12/23/2014 11:43 AM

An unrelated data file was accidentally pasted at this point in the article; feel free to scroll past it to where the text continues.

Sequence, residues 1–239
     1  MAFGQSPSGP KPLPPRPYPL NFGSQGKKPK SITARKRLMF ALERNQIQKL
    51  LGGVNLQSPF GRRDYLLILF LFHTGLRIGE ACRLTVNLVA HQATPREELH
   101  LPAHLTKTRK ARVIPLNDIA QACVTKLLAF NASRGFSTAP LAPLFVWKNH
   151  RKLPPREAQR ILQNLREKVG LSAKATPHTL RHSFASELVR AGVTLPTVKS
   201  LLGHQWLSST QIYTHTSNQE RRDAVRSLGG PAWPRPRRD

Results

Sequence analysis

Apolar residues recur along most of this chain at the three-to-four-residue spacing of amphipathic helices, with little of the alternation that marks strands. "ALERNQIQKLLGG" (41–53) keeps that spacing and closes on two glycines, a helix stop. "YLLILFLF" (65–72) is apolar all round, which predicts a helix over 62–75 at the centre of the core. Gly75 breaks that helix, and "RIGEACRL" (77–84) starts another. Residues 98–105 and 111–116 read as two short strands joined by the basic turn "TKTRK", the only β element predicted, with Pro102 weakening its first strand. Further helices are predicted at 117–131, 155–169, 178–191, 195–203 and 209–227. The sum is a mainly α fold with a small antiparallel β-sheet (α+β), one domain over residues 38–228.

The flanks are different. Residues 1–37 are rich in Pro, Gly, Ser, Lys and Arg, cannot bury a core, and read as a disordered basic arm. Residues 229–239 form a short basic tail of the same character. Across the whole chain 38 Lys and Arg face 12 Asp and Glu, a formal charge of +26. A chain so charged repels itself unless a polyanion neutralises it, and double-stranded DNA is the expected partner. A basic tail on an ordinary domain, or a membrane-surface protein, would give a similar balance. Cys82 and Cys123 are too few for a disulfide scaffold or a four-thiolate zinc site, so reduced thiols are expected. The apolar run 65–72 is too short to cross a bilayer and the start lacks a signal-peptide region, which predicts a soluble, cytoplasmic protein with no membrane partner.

GRANTS PASS, Ore. (AP) – Many in Indian Country are wary of the idea of growing and selling marijuana on tribal lands, even if it could present an economic windfall and the U.S. Department of Justice says it’s OK. “I would really doubt tribes would be wanting to do something like that,” said Don Gentry, chairman of the Klamath Tribes in Oregon, where voters this year approved a measure to legalize recreational pot. “We have an alcohol- and drug-free policy at work. It would just not be something we would be looking for into the future.” The U.S. Justice Department announced on Dec. 11 that it has adopted a new policy saying Indian tribes, which are considered sovereign nations, can grow and sell marijuana on tribal lands as long as they follow the same federal conditions laid out for states that have legalized the drug. Oregon U.S. Attorney Amanda Marshall said the policy addresses questions raised by tribes about how legalization of pot in states like Oregon, Washington and Colorado would apply to Indian lands. “That’s been the primary message tribes are getting to us as U.S. attorneys,” Marshall said from Portland. “What will the U.S. as federal partners do to assist tribes in protecting our children and families, our tribal businesses, our tribal housing? How will you help us combat marijuana abuse in Indian Country when states are no longer there to partner with us?” Whether tribal pot could become a major bonanza rivaling tribal casinos is a big question. Marshall said only three tribes - one each in California, Washington state and the Midwest - have voiced any interest. She did not identify them. Seattle attorney Anthony Broadman, whose firm represents tribal governments throughout the West, said the economic potential is vast. “If tribes can balance all the potential social issues, it could be a really huge opportunity,” Broadman said. Many in Indian Country are wary. The Yakama Nation in Washington state recently banned marijuana on the reservation and is trying to halt state regulated pot sales and grows on lands off the reservation where it holds hunting and fishing rights. The Hoopa Valley Tribe in Northern California has battled illegal pot plantations on its reservation that have damaged the environment. In South Dakota, the Oglala Sioux Tribal Council this year rejected a proposal to allow marijuana on the Pine Ridge Reservation. “For me, it’s a drug,” said Ellen Fills the Pipe, chairwoman of the council’s Law and Order Committee. “My gut feeling is we’re most likely going to shoot it down.” Walter Lamar is a member of the Blackfeet Nation, and former FBI agent, who advises and offers training to tribes on drug issues, noted that unemployment is high in Indian Country, and many of the jobs that are available, such as wildland firefighting, teaching, and U.S. Bureau of Indian Affairs positions, require drug testing. “Once there’s an easier availability for marijuana, it’s going to create some issues that could have an impact on our employment pool,” he said. Marshall warned that problems could arise for tribes with lands in states that outlaw marijuana due to the likelihood that pot would be transported or sold outside tribal boundaries. Broadman said tribes would enjoy a huge advantage selling pot, as they do with tobacco, because they would not have to charge taxes. Alison Holcomb, a primary drafter of Washington state’s legalization measure, said most people in larger states won’t want to drive to far-flung reservations to buy pot. But John Evich disagreed. He runs a legal marijuana store in Bellingham, Washington, near the Nooksack Indian reservation. When he chewed tobacco, he said, he used to stock up at the reservation because it was about 30 percent cheaper there. He had little doubt people would do the same if tribes began selling pot. The Nooksack tribes did not immediately respond to messages seeking comment. Marshall said with 566 tribes around the country recognized by the federal government, there will be a lot of consulting between tribal leaders and federal prosecutors. Some tribes have their own police, some rely on federal law enforcement, and some call in state and local police. With limited resources, federal prosecutors will not prosecute minor cases, Marshall said. The tribal policy is based on an August 2013 Justice Department announcement that the federal government wouldn’t intervene as long as pot legalization states tightly regulate the drug, keep it from children and criminal cartels and prevent sales to states that outlaw it, among other measures.